“During the Holidays our son regressed severely. He became anxious, aggressive, and self-abusive. He cried and had tantrums regularly throughout the day. He couldn’t sleep anymore and was up for hours at a time, night after night. He was hand-flapping like crazy. We have a swing in the house for him and he now wanted to swing all day long, constantly, and do nothing else. He lost eye contact and he stopped responding to his name.
I had made a few minor changes to both his diet and his supplement regimen. When I spoke with Julie Matthews at our nutrition appointment, I explained what was going on and she agreed that these minor changes couldn’t possibly be causing this kind of setback. Julie started asking me questions and going down “the list” of possible culprits. Finally she asked me about our environment. Did we change anything? Buy anything new?
I said no but I casually mentioned the Christmas tree, not thinking for a second that it was even relevant. “Christmas tree? Do you guys have a real tree?” Julie asked. Almost immediately, I realized that the timing of our son’s behaviours coincided with the arrival of the Christmas tree and that there was a real possibility that this could be the cause.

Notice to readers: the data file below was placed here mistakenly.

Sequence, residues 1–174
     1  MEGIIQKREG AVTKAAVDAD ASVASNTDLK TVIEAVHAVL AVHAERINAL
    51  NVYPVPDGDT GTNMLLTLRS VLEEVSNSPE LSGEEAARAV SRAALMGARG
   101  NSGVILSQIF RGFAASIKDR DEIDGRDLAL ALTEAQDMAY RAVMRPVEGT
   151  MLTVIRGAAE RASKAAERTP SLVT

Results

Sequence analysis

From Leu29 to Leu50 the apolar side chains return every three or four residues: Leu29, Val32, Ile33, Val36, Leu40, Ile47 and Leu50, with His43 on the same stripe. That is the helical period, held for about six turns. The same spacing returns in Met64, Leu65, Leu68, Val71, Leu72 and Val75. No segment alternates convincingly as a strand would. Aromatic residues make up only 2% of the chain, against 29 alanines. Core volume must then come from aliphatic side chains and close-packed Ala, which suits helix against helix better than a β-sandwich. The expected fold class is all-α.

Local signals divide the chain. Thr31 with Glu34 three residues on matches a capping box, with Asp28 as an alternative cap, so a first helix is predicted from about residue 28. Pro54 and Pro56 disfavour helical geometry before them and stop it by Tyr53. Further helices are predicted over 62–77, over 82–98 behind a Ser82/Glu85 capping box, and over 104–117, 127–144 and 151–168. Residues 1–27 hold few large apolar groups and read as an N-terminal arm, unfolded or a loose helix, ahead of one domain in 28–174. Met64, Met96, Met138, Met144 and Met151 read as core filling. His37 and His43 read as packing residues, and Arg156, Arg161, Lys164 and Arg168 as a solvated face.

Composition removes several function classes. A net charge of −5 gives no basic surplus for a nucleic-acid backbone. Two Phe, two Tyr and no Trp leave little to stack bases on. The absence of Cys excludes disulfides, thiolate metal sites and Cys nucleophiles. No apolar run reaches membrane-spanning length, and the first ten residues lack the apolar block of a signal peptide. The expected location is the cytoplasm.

The decorations came off and the tree was put out that same night. I didn’t tell anyone at home about our discussion. I wanted to see if they would comment on my son’s behavior after the tree was gone. The next day, he was much calmer. He seemed to have “exhaled.” Within 48 hours, our son was completely back to normal. His improvement was blatantly obvious. And, everyone commented on it.”This experience of my client and her son with the Christmas tree were dramatic. The Christmas tree, more specifically the aromatic oils, the phenols, were very likely the cause of his behavior, mood, and sleeping issues. Pine trees contain strong smelling oils – these aromatic oils are phenols. Phenolic compounds come in many forms including artificial petroleum-based food additives, and salicylates found in plant and foods like strawberries and spices, as well pine trees. When phenols are not able to be broken-down and detoxified (by a process called sulfation, which is low in many children with autism and ADHD), they can cause many symptoms including irritability, red cheeks and ears, hyperactivity, aggression toward self and others, “stimming,” sleeping challenges and many more. If you know your child is sensitive to salicylates or other phenols (see our salicylate post from the summer), you’ll likely want to avoid the tree. If you are unsure about their sensitivity to salicylates: you might ask yourself if your child is often hyper, irritable, or has red cheeks, and other common salicylate symptoms, or whether they crave salicylate-rich foods such as berries, grapes, apples, and ketchup. If so, explore salicylates further. In fact, since so many children with autism and ADHD react to salicylates (in my nutrition practice I find an overwhelming majority react negatively), I’d suggest a cautious approach to holiday decorating for all families of a child with autism, ADHD, and related symptoms: Simply avoid the pine Christmas tree. Just because you avoid a fresh pine tree, does not mean you need to miss out on any holiday cheer or decorations. Browse Pinterest or your search engine for “Christmas tree alternatives” and you will find many wonderful ideas: Using dropped and dried tree branches or other wood to build a “tree” to hang ornaments and decorate. It can be a fun new holiday project to design a creative tree. Try a wreath made of dried hydrangea flowers or other materials; however, be careful and avoid dried herbs and plants with a strong smell – they are also very high in phenols. There are also many other ways to make your home festive for the holidays too: candles (unscented) or lights, wrapped gifts, ornaments, or stockings. Happy holidays to all! Julie